I found myself in the left lane and was forced to take a left onto San Pablo. A couple right turns later, I was heading north on Hollis, which is a street I’m vaguely familiar with from my occasional Emeryville shopping trips. Traffic was quickly increasing, making me wonder if I shouldn’t just drive to the Ashby BART station and go that way. I was persistent, however, and, after an ill-advised left turn into an industrial park dead-end and some waiting for traffic lights, I managed to get back on Ashby going west to I-80.

By this time it was 1:30. Traffic was incredibly light from the Bay Bridge to the Fremont Street exit in the city. I got off the freeway, crossed Market Street, waited some more, and took a left on Pine. I went up and down a hill or two to Van Ness.

The job fair web site said that the fair was at the Regency Building (I swear that earlier it said the Hotel Regency, but I can’t be sure), on the corner of Sutter and Van Ness. I found a parking spot two blocks away, after a reasonable number of circles around several blocks. It was about 2 pm when I approached the Regency Building, which existed as promised. I approached the entrance on Van Ness, which was locked. I looked inside the glass doors (one of which bore a notice warning of the perils of trespassing) and saw an empty ballroom. Curious.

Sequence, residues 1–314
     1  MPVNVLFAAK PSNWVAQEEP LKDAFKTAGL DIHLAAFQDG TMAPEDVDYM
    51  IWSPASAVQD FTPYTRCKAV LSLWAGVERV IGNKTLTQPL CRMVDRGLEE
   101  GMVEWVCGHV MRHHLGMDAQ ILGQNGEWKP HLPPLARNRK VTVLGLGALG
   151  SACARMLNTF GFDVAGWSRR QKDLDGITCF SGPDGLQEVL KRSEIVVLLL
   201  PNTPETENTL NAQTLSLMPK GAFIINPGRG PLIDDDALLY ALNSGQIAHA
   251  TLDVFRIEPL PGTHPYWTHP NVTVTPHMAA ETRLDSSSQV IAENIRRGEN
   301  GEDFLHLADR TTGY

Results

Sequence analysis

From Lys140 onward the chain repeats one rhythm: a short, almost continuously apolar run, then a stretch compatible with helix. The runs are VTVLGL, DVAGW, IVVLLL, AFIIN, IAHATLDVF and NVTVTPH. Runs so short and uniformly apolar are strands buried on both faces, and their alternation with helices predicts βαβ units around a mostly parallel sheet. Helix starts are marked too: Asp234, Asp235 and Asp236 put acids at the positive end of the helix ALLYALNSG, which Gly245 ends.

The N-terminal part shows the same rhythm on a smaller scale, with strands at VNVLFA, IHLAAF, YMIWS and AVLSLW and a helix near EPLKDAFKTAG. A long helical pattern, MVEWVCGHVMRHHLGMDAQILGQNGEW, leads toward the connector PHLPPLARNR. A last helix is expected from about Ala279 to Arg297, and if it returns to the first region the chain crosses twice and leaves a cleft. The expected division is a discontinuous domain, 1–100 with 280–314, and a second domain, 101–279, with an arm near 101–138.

I went around to the Sutter side of the building and entered the side door. I found myself in what appeared to be the lobby of an apartment building. An attendant was there, a maintenance or resident-manager-type guy. He greeted me kindly and, after I asked about the non-profit job fair, explained that, yes, people had been coming and asking about it all day, but, no, he had no knowledge of such an event. He opened a wide door to show me that there was nothing in the vast, vacant ballrooms.

I thanked the man for his time and left, perplexed. As I thought about it, it seemed more like a scam. There was no job fair, but no notification of its cancellation on the “ACCESS Networking In The Public Interest” web site and nothing posted at the building. More on the scam page.

On my walk back to the car, I spotted Kyoto Sushi. I hadn’t eaten anything all day (which is, of course, unusual for me), so I decided to make the trip at least somewhat worthwhile. I stopped for sushi. Overall, I’d recommend Kyoto Sushi if you’re in the neighborhood. The price is pretty reasonable for what you get.

Around 3:45, I attempted to drive back home to Berkeley from SF before I had to go to work in Oakland, but I-80 was jammed up basically the entire way. (The sign on the freeway said that the University Avenue off-ramps in Berkeley were closed due to “police action”—having to do with the bank robbery earlier.) At the last minute, I decided to forget about going home and took 580 to Oakland, which was a good idea, since I would not otherwise have made it to work on time.

[I made a special page for my inquiries about ACCESS: Networking In the Public Interest and the non-existent non-profit job fair I attempted to attend on November 21st, 2002. Though I wasn’t seriously victimized, I believe the possibility exists that other people have been and still are.]